Robust evidence is in: a regular aspirin will reduce your risk of bowel cancer

    7 March 2016

    Taking a quarter of an aspirin tablet a day could reduce bowel cancer risk by a fifth, according to a study carried out by researchers at Harvard University.

    The study, published in the online journal JAMA Oncology, found that people who take aspirin every day for six years reduced their bowel cancer risk by 19 per cent.

    They also found that taking 81mg of aspirin (a quarter of a standard dose) a day lowers the risk of all cancers by three per cent, and that middle-aged people who take the common painkiller are less likely to be diagnosed with cancer of any kind.

    The researchers tracked almost 136,000 people over 32 years. The women (who were at least 30 when the study began) and men (who were at least 40) completed a questionnaire every two years over three decades. It included questions about diet, lifestyle and general health.

    The researchers say the results of their study provide the strongest evidence yet that aspirin can prevent cancers developing. They suspect that the effect is caused by the reduction of an enzyme called cyclo-oxygenase, which is responsible for producing fatty acids essential for the central nervous system, but which also facilitates the development of tumours.

    According to the researchers behind the study, aspirin use could save ‘thousands’ of lives, if combined with improved screening programmes.

    The study’s lead author, Professor Andrew Chan, said: ‘It would be very reasonable for individuals to discuss with their physicians the advisability of taking aspirin to prevent gastrointestinal cancer, particularly if they have risk factors such as a family history.’

    The researchers stop short of recommending aspirin for everyone, because in some patients it can cause stomach ulcers.

    Instant analysis
    This was a longitudinal observational study (also referred to as a prospective cohort study) seeking to link together information on individuals’ aspirin intake with any new cancer diagnoses. The particular strength of the study was the prospective nature of the data collection — over around 32 years — and the large sample size (136,000 healthcare professionals).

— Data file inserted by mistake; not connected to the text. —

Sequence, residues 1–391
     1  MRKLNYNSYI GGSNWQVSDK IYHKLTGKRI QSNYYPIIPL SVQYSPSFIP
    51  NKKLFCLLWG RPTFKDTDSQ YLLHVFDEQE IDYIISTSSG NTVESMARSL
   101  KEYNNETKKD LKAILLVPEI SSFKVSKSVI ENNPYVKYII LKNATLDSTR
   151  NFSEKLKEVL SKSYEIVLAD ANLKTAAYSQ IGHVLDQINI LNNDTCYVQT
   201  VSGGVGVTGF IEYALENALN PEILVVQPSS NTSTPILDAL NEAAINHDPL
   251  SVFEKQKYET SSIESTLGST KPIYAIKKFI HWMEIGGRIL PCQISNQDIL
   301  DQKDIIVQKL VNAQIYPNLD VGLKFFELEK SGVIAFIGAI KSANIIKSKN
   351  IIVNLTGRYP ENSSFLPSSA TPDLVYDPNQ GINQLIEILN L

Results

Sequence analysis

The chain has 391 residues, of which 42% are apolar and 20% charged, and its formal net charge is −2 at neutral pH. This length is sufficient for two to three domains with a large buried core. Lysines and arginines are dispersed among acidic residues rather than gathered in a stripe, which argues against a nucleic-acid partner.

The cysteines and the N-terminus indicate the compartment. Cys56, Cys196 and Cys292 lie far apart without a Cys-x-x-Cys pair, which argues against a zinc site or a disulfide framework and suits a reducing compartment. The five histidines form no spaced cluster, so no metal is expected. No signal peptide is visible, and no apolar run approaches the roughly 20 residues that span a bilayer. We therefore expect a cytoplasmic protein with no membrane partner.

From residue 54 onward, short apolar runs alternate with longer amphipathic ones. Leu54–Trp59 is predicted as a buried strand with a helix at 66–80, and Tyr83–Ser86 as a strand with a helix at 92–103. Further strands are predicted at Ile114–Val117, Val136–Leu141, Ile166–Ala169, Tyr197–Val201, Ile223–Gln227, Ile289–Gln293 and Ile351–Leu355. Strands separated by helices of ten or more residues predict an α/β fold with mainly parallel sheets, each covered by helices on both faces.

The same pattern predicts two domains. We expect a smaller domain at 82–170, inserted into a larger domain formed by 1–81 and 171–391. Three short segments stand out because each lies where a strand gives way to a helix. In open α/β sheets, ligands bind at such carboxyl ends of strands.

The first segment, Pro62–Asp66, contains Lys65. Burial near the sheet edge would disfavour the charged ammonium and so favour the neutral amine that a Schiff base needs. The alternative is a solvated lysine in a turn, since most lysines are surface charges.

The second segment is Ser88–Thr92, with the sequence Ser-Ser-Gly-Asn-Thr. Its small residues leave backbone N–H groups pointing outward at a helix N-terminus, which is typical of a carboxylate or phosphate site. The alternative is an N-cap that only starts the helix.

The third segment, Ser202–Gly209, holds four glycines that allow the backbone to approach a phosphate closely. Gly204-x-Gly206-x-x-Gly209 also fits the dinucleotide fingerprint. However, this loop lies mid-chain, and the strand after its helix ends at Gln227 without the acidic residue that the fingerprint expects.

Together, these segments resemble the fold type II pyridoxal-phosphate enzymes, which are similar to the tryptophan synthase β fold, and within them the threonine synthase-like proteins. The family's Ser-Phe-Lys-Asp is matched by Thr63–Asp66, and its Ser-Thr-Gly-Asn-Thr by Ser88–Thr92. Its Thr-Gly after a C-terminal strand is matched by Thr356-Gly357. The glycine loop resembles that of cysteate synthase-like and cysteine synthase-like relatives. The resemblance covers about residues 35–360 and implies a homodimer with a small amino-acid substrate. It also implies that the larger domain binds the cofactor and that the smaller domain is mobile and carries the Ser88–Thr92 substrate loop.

As in any large prospective study some of the questions varied slightly over time and this was also the case here in assessing aspirin use. But I would contend that by defining quite clearly that a regular aspirin user was a participant ‘who reported aspirin use at least twice a week’ the authors addressed this possible weakness. The other problem in any observational study is accounting for every conceivable variable that might also explain the findings. This issue was also well addressed by the researchers.

    The most important result from this study was the significantly reduced risk of bowel cancer (19 per cent) among those consuming regular aspirin. Furthermore it is interesting to note that the authors also demonstrated dose-response effects — the magnitude of the bowel cancer risk reduction was proportional to both the duration of aspirin treatment and the amount of aspirin consumed.

    For readers wishing to consider commencing on regular aspirin in order to reduce their risk of bowel cancer this study provides some sound evidence. However, there are also side effects associated with regular aspirin use — such as bleeding from the stomach — and, therefore, it is always recommended to speak with your own doctor first.

    Finally, it is important to appreciate that, while regular aspirin use might indeed reduce an individual’s risk of bowel cancer, it will not eliminate the risk – so it is essential for all individuals over the age of 50 (and at younger ages if there is a strong family history) to also undergo regular bowel cancer screening. Research score: 4/5